Officially a self-declared nuclear-free zone, Sebastopol isn’t just populated with sandal-wearing idealists. It has a rich agricultural history, including Luther Burbank’s Experiment Farm, where he developed more than 800 varieties of fruits, flowers, vegetables, and grains beginning in the 1880s. It embraces the fine arts, culture, history, the healing arts, fine dining, healthy dining, wine, farming, the environment, sustainable living, outdoor recreation and more.
Healdsburg, nestled along the Russian River in the heart of Sonoma Wine Country. Healdsburg (pop. 11,254) combines small-town charm, stunning vistas, and award-winning vintages with an eclectic mix centered around a charming town plaza lined with shops, restaurants, tasting rooms, galleries, and bars.
Healdsburg is a wine and culinary epicenter. Sitting at the juncture of three prime wine growing regions — the Russian River Valley, Dry Creek Valley, and Alexander Valley wine appellations — this charming town makes an ideal base of operations for wine tasting. Dining options offer something for everyone, from hearty hamburgers to haute cuisine, and just about everything in between.
For art lovers, the monthly Healdsburg Artwalk highlights more than 20 downtown galleries from May to December. And the Healdsburg Museum and Historical Society hosts exhibits about the rich history of Healdsburg and surrounding areas.
Sonoma, home to Mission San Francisco Solano, the last Spanish-Mexican mission built in California. It also includes Buena Vista Winery, California’s oldest winery, and Gundlach-Bundschu, the state’s oldest, continually operating family winery. Sonoma State Historic Park preserves the mission and the Sonoma Barracks, as well as the nearby historic home of General Vallejo and other sites. Sonoma is also famous for the Bear Flag Revolt, where Californians declared their independence from Mexico. Shops, tasting rooms, restaurants, bakeries, and a historic theater line the streets around the Sonoma Plaza – an eight-acre town square, the largest in California. Venture beyond downtown to explore brew pubs, more shopping, art galleries, and more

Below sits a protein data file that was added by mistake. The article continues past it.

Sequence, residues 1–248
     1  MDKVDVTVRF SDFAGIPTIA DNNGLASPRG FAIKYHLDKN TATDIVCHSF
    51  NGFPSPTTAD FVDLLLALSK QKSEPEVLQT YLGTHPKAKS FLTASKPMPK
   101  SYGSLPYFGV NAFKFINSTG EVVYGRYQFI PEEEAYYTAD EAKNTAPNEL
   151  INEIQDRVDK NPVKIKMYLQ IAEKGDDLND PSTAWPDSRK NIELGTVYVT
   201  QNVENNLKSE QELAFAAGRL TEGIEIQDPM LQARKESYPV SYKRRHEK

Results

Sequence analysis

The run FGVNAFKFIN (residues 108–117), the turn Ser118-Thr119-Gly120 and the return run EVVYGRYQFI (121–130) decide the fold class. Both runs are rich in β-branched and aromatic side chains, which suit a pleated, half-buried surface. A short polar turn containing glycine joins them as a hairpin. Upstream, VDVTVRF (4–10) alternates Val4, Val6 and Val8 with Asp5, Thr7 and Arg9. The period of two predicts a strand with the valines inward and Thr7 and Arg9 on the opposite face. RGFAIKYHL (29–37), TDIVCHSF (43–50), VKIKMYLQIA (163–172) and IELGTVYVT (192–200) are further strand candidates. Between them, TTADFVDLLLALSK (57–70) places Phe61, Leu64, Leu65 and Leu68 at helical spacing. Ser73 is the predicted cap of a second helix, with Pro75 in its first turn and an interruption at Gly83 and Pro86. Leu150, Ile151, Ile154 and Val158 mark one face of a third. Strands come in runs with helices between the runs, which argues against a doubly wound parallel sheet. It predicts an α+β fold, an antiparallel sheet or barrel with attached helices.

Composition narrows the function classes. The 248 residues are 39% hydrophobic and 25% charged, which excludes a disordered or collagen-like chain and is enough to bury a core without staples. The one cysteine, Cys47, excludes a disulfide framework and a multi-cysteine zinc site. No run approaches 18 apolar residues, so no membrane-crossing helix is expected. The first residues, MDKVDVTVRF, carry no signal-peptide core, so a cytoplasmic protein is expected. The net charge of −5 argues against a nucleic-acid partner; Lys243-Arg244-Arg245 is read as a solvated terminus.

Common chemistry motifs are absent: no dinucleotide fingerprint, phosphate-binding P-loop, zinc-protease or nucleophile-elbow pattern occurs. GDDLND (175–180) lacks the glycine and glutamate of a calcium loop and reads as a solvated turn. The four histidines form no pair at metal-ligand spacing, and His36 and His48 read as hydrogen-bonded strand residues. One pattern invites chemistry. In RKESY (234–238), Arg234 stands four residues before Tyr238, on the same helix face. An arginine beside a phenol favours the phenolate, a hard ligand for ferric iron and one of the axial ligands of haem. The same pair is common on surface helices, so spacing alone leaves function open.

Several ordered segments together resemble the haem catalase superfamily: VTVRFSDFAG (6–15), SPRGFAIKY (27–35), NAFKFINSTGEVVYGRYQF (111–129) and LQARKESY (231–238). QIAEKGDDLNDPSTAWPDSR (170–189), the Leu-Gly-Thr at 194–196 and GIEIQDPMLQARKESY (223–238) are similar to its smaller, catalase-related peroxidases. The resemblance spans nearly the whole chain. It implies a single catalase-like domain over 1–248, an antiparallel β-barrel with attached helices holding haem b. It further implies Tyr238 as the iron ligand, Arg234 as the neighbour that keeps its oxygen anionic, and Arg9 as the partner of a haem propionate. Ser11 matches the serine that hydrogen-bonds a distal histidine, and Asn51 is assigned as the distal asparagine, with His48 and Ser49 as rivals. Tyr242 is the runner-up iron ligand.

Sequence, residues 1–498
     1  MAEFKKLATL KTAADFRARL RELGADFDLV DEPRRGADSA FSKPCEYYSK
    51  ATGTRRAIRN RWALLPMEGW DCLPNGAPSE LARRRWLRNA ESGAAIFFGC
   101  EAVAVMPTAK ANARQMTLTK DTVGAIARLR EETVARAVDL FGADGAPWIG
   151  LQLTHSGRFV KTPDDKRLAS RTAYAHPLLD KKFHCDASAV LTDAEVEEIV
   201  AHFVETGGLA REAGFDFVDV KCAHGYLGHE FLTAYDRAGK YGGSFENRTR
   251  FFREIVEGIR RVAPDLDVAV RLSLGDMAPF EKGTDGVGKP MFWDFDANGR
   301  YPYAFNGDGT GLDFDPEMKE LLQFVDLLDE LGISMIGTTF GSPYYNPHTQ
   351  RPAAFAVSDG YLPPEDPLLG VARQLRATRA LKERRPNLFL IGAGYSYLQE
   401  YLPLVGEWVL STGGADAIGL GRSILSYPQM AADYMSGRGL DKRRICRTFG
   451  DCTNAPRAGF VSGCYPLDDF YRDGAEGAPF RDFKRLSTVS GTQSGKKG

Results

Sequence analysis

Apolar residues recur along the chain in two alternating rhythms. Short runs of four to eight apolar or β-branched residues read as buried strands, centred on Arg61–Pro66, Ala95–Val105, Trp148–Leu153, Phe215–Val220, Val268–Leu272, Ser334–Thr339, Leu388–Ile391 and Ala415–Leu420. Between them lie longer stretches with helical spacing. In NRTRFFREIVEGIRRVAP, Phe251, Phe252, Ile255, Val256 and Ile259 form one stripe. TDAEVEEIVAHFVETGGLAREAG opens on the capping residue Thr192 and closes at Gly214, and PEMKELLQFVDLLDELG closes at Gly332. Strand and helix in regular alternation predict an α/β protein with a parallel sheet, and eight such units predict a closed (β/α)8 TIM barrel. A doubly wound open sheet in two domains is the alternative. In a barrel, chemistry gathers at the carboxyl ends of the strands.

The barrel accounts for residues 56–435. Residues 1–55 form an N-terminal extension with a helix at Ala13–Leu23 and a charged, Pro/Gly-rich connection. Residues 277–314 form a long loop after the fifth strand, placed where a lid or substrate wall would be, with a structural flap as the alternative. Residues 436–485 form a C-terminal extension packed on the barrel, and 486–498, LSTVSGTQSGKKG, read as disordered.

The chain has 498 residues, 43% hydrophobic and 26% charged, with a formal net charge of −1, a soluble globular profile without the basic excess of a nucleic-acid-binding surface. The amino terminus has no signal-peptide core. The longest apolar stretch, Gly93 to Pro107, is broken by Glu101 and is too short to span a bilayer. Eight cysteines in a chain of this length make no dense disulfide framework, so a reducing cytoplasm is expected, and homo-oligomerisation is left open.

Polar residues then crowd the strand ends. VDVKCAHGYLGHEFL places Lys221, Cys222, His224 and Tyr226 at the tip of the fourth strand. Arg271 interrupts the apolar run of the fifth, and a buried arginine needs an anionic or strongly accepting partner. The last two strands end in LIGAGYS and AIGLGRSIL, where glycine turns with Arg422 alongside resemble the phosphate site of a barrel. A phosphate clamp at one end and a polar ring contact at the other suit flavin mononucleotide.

Petaluma, a riverside town on Sonoma County’s Highway 101 was once called the “Egg Basket of the World” for its bustling egg industry in the early 20th century. Petaluma is now known as a foodie haven, with dining options that include a mix of ethnic cuisines and awarding-winning restaurants using the best locally grown and produced products. Known for its wines, Petaluma also boasts world-class beers and ales, award-winning olive oils, and artisan cheeses that are served in some of the finest restaurants nationwide.
Guerneville, charmingly rustic, the town of mixes towering redwoods, cool river waters, laid-back attitudes, and Sonoma Wine Country delights in a pleasing blend that makes it a popular destination, as well as an established gay vacation resort. Guerneville has always been a vacation getaway for San Franciscans — by train in the 1870s to the 1930s, and by car through the 1950s. In the 1970s it became a welcoming resort area for Bay Area gay men and lesbians.
With canoes, kayaks, inner tubes, umbrellas, and beach chairs available for rent, Johnson’s Beach & Resort provides the main river access in downtown Guerneville, within walking distance of restaurants and shops. Visit the awe-inspiring, 805-acre Armstrong Redwoods State Natural Reserve, two miles north of Guerneville’s Main Street. Walk among the serene, majestic beauty of California coast redwoods, some of the world’s tallest living things. It can be a transforming experience